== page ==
LOS ANGELES – In the heyday of “American Idol,” the notion that it could fall ratings victim to a zombie slugfest or standard crime drama would have been laughable.
That was then. With Fox’s singing contest shedding about 20 percent of its audience so far this season to hit new lows, it’s been leapfrogged repeatedly in total viewers by series including the CBS procedurals “Person of Interest” and “NCIS.”
In a harsher blow to a blockbuster that once ruled the advertiser-adored young adult segment, “American Idol” has been overtaken this season by AMC’s “The Walking Dead,” despite the addition of glossy new “Idol” judges Mariah Carey, Nicki Minaj and Keith Urban.
But in its 12th season, “American Idol” is managing to hit the right notes with sponsors if not always with fickle viewers: It has retained its status as TV’s advertising leader among series and the loyalty of its biggest backers, including Ford and Coca-Cola.
“It’s still a top 10 show,” said Brad Adgate of media-buying firm Horizon Media. “Compared to several years ago, it’s not the ratings force it once was. ... But even if it loses 20 percent” again, it’s still valuable to Fox.
And there’s this confident prediction: When it comes to advertising dollars, the series “will have the top price for the 2012-13 season,” said analyst Jon Swallen of Kantar Media. Last season, “American Idol” grossed a leading $836 million in ad revenue.
But the trajectory inevitably is headed down.
At the start of the 2011-12 season, “American Idol” was collecting about $500,000 for a 30-second commercial on its Wednesday episodes, said analyst Deana Myers of SNL Kagan. That put it in an exclusive top tier, along with NBC’s “Sunday Night Football.”
By May 2012, when Phillip Phillips had been crowned the winner, the singing contest had posted its lowest-rated season since it debuted in summer 2002, and “Sunday Night Football” had snatched the No. 1 ratings spot away from the show for the first time since 2003.
The result: The current 2012-13 season began with prices cut to $340,000 per spot for the higher-rated Wednesday performance night episode, Myers said. (That figure is expected to rise as the show heads toward its finale and, presumably, bigger audiences.)
It’s true that growing cable competition and the fragile economy have made the broadcast ad market vulnerable.
But by comparison, ABC’s sitcom “Modern Family” saw its fortunes improve, with its rate of $250,000 per commercial for the 2011-12 season rising to $330,000 at this season’s start.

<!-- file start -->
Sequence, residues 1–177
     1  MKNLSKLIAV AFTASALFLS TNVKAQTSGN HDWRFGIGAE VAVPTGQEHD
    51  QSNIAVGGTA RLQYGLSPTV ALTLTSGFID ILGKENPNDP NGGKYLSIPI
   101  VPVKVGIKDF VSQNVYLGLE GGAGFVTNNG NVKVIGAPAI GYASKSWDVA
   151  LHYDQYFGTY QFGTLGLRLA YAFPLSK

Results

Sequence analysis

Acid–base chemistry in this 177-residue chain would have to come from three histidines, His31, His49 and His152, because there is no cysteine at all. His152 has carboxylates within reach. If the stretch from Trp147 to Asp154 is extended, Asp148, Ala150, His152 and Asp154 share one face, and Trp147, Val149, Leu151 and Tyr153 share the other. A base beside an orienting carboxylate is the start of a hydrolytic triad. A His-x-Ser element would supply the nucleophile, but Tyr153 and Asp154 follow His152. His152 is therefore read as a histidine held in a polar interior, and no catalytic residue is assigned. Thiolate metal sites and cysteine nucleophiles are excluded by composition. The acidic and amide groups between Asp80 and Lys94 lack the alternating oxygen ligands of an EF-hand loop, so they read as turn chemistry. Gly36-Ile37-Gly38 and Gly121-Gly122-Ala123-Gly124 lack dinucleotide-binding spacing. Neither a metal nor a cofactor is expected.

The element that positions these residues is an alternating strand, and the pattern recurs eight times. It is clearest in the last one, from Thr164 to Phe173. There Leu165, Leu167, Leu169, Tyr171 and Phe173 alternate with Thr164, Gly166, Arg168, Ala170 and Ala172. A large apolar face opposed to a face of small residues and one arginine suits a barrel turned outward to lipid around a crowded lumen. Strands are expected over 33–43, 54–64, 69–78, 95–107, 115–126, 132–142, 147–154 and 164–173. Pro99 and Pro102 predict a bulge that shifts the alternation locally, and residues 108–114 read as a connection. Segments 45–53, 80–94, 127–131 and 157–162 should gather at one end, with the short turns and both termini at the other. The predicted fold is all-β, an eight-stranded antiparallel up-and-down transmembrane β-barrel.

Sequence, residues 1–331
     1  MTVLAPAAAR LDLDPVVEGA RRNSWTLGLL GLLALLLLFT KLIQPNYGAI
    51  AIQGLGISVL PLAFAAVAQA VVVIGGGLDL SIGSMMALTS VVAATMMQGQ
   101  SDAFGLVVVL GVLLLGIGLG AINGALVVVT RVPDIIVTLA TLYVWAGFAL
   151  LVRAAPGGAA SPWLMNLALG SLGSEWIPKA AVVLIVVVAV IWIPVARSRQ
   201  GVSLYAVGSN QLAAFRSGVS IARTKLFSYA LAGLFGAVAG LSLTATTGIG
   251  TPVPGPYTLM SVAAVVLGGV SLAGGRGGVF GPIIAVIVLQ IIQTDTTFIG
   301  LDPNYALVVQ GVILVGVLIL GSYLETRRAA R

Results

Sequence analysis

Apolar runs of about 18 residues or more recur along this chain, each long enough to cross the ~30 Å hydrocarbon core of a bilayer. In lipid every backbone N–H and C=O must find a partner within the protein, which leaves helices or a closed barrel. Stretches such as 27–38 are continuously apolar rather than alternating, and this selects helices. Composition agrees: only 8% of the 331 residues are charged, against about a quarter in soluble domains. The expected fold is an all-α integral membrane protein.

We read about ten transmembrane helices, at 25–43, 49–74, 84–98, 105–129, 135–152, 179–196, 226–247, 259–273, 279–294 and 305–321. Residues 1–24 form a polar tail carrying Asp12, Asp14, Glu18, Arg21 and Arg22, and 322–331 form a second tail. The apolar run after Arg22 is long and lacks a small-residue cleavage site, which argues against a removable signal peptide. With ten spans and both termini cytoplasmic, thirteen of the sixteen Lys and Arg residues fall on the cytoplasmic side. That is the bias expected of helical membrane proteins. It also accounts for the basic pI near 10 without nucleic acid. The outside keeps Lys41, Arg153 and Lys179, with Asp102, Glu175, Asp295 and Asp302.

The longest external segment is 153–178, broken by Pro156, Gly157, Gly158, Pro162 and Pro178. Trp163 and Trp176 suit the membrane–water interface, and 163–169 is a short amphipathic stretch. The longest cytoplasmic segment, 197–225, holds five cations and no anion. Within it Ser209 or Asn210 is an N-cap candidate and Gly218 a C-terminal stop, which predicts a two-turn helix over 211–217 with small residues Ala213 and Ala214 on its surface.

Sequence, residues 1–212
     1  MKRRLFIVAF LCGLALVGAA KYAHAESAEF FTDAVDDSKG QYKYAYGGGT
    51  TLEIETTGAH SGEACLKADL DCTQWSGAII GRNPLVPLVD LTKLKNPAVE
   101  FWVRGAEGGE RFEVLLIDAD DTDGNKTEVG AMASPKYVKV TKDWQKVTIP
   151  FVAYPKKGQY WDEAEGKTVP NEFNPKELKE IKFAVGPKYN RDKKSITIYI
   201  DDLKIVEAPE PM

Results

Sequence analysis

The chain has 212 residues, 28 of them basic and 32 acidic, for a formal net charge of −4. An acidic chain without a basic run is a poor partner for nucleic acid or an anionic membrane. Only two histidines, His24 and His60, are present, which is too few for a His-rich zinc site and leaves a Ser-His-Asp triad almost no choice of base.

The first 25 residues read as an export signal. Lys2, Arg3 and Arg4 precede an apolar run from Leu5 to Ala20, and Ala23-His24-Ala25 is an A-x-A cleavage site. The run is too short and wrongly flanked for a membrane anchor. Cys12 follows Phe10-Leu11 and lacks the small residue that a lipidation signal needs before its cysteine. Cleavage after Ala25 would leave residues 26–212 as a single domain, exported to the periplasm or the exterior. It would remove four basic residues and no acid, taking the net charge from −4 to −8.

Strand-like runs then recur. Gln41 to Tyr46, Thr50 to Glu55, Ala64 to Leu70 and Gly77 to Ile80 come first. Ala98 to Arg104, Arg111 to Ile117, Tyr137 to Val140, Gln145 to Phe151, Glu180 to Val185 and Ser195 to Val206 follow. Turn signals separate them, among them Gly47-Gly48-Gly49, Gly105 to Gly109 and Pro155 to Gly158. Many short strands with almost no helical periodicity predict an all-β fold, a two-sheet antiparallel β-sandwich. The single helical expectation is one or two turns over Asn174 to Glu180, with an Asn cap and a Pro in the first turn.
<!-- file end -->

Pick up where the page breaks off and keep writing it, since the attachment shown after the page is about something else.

Another test is coming in May. At the annual “upfronts” in New York, broadcast networks will gather billions of dollars in advertising commitments for the 2013-14 season based on their series’ past and predicted viewership.
In its 13th year, will the “American Idol” share of that bonanza shrink as much as this year’s ratings?
“You’re going to see a significant drop” in May, said Deana Myers of SNL Kagan.
But “American Idol” can claim to be a winner for Fox despite its weakened condition.
Yes, “Idol” is averaging about 15 million weekly viewers this year, compared with its 2006 peak of 30 million, according to Nielsen figures.
Yes, the audience’s median age has jumped more than 18 years, to 50.4, from season one to last year – meaning that youth-obsessed Madison Avenue is facing consumers more likely to be eyeing retirement funds than a prom date.
And yes, the show’s alumni include success stories Kelly Clarkson, Jennifer Hudson and Carrie Underwood, but more recent winners, such as Lee DeWyze and Phillips, have yet to prove themselves as stars in music, movies or elsewhere.
“Idol” also faces a crowded talent contest field and younger challengers like NBC’s “The Voice.” A second, spring edition of that show debuted Monday night and was up 9 percent over its fall premiere with 13.4 million viewers.
But there is value yet to be found in the aging but still sturdy Fox show. Not many shows can draw weekly audiences of 10 million-plus today, given the splintered media world in which broadcast, cable, online amusements and video games clamor for consumer attention.